Navigating Pakistan’s Religious, Social and Political Fault Lines in the 1980s: Contemporary Trends and Relevance

Published date01 June 2024
DOIhttp://doi.org/10.1177/23210230241235363
AuthorFarhan Hanif Siddiqi
Date01 June 2024
Subject MatterSpecial Section on South Asia in and after the 1980s
Navigating Pakistan’s Religious,
Social and Political Fault Lines in
the 1980s: Contemporary Trends
and Relevance
Farhan Hanif Siddiqi1
Abstract
How do sociopolitical developments in the 1980s endure in contemporary Pakistan? The article
answers this question across three dimensions: first, the religious, as witnessed in General Zia-ul-Haq’s
weaponization of blasphemy laws that shaped the rise of a majoritarian political actor in the shape of
the Tehreek-e-Labbaik Pakistan (TLP) in 2017. Second, the social, with Zia-ul-Haq’s Islamization laws
denigrating the agency of women leading to their resolute mobilization in the 1980s and again in 2018
in the shape of the Aurat March and Aurat Azadi March movements. Finally, the political, where the
military takeover in 1977 invited a counter-movement in the form of the Movement for the Restoration
of Democracy (MRD) in 1981. In 2020, opposition parties formed the Pakistan Democratic Movement
(PDM) as a counterweight to the incumbent civil-military hybrid regime. The article concludes that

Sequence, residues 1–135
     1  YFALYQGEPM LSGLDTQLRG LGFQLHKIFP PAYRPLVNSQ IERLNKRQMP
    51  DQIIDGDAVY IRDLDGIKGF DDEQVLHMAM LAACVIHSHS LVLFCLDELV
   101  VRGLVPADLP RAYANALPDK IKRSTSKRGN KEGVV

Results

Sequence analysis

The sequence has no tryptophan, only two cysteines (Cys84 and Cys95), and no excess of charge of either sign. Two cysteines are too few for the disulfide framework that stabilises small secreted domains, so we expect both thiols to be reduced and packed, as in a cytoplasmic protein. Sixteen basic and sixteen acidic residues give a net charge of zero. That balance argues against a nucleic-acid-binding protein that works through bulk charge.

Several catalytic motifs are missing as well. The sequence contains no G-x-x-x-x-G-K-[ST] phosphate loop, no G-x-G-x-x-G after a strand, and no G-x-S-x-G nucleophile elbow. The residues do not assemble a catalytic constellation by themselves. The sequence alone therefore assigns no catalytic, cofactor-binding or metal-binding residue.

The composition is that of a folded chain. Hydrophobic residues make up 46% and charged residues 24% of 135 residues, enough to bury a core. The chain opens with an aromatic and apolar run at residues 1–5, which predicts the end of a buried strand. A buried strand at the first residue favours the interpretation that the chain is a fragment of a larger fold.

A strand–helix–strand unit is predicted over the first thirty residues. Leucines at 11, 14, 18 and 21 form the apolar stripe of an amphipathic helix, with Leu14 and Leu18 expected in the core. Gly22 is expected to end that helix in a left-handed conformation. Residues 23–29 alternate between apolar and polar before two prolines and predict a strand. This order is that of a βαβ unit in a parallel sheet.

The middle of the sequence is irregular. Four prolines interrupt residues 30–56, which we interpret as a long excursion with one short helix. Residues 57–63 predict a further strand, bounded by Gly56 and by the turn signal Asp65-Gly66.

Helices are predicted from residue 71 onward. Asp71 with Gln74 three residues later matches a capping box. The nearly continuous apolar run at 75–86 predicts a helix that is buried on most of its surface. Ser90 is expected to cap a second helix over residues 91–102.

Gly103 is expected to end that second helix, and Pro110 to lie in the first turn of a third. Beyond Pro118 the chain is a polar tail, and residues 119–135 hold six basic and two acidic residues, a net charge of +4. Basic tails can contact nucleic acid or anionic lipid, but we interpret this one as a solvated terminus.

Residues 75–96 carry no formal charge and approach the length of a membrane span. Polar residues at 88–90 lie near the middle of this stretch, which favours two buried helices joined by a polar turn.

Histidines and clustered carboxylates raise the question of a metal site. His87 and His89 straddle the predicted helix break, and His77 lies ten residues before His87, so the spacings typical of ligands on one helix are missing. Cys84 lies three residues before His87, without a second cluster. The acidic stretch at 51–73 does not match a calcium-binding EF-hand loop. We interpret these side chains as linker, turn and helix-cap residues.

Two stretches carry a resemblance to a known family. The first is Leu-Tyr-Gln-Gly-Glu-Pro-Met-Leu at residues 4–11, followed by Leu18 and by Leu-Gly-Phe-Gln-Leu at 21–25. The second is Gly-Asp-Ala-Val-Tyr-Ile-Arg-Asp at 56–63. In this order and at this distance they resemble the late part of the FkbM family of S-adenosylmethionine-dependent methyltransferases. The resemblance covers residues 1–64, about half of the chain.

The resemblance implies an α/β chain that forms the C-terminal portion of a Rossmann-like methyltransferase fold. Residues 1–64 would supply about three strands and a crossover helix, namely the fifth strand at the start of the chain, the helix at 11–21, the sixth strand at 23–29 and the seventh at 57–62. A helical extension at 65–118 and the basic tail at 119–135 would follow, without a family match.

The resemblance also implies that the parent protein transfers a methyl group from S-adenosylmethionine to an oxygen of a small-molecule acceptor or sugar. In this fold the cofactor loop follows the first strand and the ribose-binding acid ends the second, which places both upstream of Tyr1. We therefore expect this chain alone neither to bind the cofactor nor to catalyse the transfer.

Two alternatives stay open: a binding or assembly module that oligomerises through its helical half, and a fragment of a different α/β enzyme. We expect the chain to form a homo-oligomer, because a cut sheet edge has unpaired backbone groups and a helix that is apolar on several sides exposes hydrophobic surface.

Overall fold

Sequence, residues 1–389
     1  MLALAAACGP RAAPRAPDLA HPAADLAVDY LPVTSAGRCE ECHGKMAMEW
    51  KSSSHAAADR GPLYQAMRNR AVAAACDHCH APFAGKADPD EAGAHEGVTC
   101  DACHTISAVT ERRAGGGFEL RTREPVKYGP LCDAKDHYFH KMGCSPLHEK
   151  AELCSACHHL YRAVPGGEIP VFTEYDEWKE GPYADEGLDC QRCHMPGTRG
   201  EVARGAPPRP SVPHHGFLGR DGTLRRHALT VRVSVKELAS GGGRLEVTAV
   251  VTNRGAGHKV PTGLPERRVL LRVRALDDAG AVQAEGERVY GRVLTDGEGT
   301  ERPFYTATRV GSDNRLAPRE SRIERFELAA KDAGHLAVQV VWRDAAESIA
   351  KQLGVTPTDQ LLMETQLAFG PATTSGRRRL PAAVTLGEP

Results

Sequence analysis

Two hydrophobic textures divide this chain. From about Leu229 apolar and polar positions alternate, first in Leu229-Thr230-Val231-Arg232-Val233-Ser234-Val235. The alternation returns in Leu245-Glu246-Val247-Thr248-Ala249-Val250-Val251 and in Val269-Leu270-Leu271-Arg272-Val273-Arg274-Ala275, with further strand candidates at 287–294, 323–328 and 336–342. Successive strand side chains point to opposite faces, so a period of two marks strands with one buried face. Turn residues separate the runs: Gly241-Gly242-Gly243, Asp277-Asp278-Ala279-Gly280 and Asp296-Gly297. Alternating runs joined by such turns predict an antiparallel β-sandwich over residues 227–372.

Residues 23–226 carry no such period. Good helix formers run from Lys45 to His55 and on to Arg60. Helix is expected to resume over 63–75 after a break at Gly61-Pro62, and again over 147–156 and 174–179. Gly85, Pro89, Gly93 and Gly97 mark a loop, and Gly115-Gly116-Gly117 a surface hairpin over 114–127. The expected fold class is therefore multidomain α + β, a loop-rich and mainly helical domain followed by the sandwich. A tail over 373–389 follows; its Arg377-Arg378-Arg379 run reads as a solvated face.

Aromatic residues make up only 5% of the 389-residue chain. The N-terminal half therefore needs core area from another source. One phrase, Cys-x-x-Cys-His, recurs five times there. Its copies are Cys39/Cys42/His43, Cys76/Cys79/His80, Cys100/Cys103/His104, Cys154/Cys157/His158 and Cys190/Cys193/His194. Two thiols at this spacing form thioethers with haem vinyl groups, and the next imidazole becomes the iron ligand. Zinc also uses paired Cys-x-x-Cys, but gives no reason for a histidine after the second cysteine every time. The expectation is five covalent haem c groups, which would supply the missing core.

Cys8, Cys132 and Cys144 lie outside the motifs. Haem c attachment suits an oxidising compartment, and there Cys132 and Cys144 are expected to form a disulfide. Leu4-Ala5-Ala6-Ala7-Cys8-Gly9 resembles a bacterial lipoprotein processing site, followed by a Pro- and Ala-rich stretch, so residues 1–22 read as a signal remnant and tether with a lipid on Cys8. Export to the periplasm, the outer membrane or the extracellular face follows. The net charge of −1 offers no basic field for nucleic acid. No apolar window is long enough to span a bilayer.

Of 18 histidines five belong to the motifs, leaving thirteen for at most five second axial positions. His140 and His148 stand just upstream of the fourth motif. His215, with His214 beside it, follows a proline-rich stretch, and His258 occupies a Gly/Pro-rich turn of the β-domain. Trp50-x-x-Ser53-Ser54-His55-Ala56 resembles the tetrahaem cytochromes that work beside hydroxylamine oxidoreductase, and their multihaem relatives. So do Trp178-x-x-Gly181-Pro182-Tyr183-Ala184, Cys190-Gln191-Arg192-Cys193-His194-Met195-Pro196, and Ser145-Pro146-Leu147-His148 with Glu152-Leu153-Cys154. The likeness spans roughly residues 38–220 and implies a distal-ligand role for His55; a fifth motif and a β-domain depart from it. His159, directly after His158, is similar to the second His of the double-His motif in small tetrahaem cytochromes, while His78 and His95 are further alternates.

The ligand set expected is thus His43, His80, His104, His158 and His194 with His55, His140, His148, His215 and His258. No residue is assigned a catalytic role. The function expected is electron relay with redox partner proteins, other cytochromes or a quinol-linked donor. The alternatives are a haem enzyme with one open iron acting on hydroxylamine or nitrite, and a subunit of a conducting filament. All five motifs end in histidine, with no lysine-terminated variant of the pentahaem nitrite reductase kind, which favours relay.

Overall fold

Pakistan’s failure to improve on the religious, societal and political indicators lies at the core of its
dishevelled polity.
Keywords
Pakistan, civil-military, democracy, blasphemy, Aurat March, social movements
Introduction
The 1980s with the military in power was characterized by a domestic sociopolitical order that was tur-
bulent, chaotic and disorderly. Politically, the Zia regime which came to power after overthrowing the
elected government of Zulfikar Ali Bhutto in 1977, contended with popular domestic resistance in
the form of the Movement for the Restoration of Democracy (MRD) where nine political parties came
together in 1981 seeking an end to military rule. The MRD represented the wider civil society’s yearning
for democracy and political participation and its distaste for the military regime’s authoritarianism.
Original Article
Studies in Indian Politics
12(1) 65–77, 2024
© 2024 Lokniti, Centre for the
Study of Developing Societies
Article reuse guidelines:
in.sagepub.com/journals-permissions-india
DOI: 10.1177/23210230241235363
journals.sagepub.com/home/inp
1 Quaid-i-Azam University, Islamabad , Pakistan
Corresponding author:
Farhan Hanif Siddiqi, Quaid-i-Azam University, Islamabad 45320, Pakistan.
E-mail: fhsiddiqi@qau.edu.pk

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